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​E Cigarette Tax Plan Squashed

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A plan to tax e cigarettes has backfired, reports indicate. The Head of Lifestyle at the Institute of Economic Affairs, Chris Snowdon, has confirmed that the unpopular (amongst many) plan to add a tax to e cigarette sales appears to have been withdrawn by government ministers.

One of the alleged reasons for this tax was add extra funds into the NHS, helping with the well-publicised funding shortfalls. This popular reasoning could have been decided up in order to lessen the public outrage associated with the lack of additional funds promised to the NHS once Brexit was concluded. As there seems to be no plan in place for this, despite Leave promises, it could be assumed that taxing ecigs could have served as a good faith gesture. Regardless of the reasons behind the attempt to tax vaping product, tremendous support and a good dollop of common sense seems to have won the day.

Support for Tax Free Vaping

                                                      

Vaping is 95% less harmful than smoking at least, according to Public Health England. Studies have shown that vaping has helped hundreds of thousand of cigarette smokers quit and proposals are in front of Ministers right now to hopefully allow e cigarettes to be classified as a medical device.This would enable more smokers to access them and for GPs to be able to prescribe them as part of a dedicated cessation plan. What taxing e cigarettes does is dissuade millions of smokers over a period of time from giving up their harmful habit and continuing to smoke tobacco cigarettes despite the obvious damage to their health.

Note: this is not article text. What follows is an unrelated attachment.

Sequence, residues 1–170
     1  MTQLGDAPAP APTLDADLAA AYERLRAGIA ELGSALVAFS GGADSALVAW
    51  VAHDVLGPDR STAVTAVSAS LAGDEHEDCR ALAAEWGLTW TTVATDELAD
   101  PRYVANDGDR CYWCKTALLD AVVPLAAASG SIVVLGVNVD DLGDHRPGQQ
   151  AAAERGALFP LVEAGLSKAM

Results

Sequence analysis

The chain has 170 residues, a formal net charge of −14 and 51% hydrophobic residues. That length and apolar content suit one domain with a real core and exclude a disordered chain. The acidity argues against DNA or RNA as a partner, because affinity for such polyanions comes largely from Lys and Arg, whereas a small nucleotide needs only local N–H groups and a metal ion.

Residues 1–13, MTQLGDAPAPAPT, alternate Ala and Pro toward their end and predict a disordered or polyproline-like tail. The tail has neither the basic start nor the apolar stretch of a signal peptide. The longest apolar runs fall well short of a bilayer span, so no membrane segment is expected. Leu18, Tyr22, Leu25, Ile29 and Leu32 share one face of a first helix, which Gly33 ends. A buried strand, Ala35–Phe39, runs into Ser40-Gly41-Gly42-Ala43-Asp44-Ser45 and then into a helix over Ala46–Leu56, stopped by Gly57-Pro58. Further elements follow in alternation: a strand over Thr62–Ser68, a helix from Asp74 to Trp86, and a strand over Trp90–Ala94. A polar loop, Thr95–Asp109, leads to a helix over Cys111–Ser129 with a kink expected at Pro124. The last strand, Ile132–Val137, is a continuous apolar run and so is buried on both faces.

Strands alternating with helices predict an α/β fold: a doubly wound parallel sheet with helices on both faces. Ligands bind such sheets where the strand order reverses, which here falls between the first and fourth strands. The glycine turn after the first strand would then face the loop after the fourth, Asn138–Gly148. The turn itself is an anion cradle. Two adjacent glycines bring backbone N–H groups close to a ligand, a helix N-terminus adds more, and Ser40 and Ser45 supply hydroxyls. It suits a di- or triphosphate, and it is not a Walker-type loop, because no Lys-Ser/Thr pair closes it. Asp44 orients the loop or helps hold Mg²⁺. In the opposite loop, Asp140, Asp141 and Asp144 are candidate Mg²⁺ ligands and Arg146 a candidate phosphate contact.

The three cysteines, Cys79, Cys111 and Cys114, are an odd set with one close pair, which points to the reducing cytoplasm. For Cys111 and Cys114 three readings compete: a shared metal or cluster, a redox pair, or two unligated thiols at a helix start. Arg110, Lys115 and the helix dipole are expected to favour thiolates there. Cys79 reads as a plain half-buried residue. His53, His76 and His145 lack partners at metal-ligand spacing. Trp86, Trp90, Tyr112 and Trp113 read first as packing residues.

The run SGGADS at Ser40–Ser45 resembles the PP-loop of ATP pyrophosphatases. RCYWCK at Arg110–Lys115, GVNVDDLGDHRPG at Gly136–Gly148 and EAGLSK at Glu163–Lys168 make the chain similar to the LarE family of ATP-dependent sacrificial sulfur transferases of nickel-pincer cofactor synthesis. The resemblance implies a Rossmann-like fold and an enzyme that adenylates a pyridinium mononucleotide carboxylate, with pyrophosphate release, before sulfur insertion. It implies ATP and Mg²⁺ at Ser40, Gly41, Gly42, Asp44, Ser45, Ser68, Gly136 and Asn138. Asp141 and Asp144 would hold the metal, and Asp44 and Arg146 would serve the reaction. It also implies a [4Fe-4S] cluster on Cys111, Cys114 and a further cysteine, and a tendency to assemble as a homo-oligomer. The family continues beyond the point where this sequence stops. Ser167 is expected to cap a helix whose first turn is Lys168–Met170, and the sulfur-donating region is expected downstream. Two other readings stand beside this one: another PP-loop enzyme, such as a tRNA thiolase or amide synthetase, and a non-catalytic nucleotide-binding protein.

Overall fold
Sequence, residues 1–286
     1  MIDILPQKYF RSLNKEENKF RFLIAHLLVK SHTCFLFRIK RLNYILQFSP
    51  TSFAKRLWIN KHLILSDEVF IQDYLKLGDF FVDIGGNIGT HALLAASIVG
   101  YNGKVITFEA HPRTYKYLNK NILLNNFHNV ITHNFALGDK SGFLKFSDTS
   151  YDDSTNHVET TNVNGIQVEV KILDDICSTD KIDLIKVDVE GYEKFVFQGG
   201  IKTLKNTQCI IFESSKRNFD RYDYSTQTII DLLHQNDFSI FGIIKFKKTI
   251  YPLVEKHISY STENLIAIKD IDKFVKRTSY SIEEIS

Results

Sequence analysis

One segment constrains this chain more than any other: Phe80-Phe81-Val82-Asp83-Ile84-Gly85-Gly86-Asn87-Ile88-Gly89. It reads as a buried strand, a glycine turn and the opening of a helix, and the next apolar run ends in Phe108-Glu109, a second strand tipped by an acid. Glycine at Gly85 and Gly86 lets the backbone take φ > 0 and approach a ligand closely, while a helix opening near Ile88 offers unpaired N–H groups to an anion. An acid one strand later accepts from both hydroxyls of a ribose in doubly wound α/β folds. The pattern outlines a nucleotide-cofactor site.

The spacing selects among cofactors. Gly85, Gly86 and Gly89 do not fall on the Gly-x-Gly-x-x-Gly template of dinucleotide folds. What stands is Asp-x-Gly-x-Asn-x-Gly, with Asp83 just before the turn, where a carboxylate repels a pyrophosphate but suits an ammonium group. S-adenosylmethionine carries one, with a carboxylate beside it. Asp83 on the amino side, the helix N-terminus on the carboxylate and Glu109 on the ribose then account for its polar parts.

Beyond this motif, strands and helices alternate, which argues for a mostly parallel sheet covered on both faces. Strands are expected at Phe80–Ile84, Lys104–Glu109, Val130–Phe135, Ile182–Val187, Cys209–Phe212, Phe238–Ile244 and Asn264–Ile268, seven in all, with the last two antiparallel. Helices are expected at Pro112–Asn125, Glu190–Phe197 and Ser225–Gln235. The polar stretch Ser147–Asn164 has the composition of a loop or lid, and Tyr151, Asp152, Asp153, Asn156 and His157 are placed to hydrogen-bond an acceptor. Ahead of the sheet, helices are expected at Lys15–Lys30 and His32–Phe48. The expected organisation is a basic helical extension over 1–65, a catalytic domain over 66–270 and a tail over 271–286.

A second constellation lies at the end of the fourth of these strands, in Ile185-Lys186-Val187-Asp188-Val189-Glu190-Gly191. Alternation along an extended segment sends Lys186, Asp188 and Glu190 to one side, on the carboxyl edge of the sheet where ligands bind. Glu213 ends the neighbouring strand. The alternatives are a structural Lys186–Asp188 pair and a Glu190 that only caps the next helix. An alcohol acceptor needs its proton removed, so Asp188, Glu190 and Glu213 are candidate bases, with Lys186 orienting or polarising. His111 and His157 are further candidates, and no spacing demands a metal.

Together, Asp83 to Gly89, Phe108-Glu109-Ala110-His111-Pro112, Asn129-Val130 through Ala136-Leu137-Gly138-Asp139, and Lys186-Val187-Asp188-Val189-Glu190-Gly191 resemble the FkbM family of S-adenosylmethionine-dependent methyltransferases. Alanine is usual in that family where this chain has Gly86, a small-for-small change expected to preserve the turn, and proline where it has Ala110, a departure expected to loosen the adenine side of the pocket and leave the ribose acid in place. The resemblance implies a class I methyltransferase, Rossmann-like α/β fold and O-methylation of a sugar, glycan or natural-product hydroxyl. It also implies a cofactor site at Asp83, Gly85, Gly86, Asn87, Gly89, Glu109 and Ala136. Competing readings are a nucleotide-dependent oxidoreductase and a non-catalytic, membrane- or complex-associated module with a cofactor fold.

Cancer specialists, Public Health England, numerous health charities and scientists are just some of those looking to push vaping awareness and availability forward. With this in mind, what sense does a tax on e cigarettes make when clearly all it would do would be to damage health?

Raising Money

Taxing e cigarettes would in theory raise a significant sum. Would it however be large enough a sum to cover the increase number of doctor appointments, prescriptions, treatments and hospital admissions caused by smoking? It is unlikely. Would the money raised be enough to compensate families dealing with bereavement due to smoking, after the alternative individuals once used or considered became too expensive, pushing them back to health damaging smoking? Whether this was legitimate move towards taxing e cigarettes or political pea-cocking is anyone’s guess. What is important is that the bid to add taxes to e cigarettes has been proven successful.

So No Tax?

There will not be a tax added to e cigarettes in the near future or, we may assume, any time soon. Robert 

Jenrick, Exchequer Secretary has confirmed that there are “no current plans to introduce a new tax on vaping products”.

Campaigners were fierce in their criticism of tax plans, urging ministers to reconsider and to concentrate on the harm vs benefits of moving forward with this plan. While it is clear that some money could be made from taxing e cigarettes and other vaping products, such as e liquids, it is also clear that doing so would be harmful to health. Smoking numbers in England are at the lowest level seen since such records were first implemented. The credit for this decline has been placed at the door of NHS stop smoking clinics, public awareness campaigns and the availability of an affordable and viable alternative, namely vaping.

That speaks for itself.

Here’s hoping that ministers put this failed tax bid behind them and instead concentrate on PHE’s suggestion for improving vaping accessibility and continuing to reduce smoking numbers, thereby improving health and reducing the strain on the NHS caused by smoking.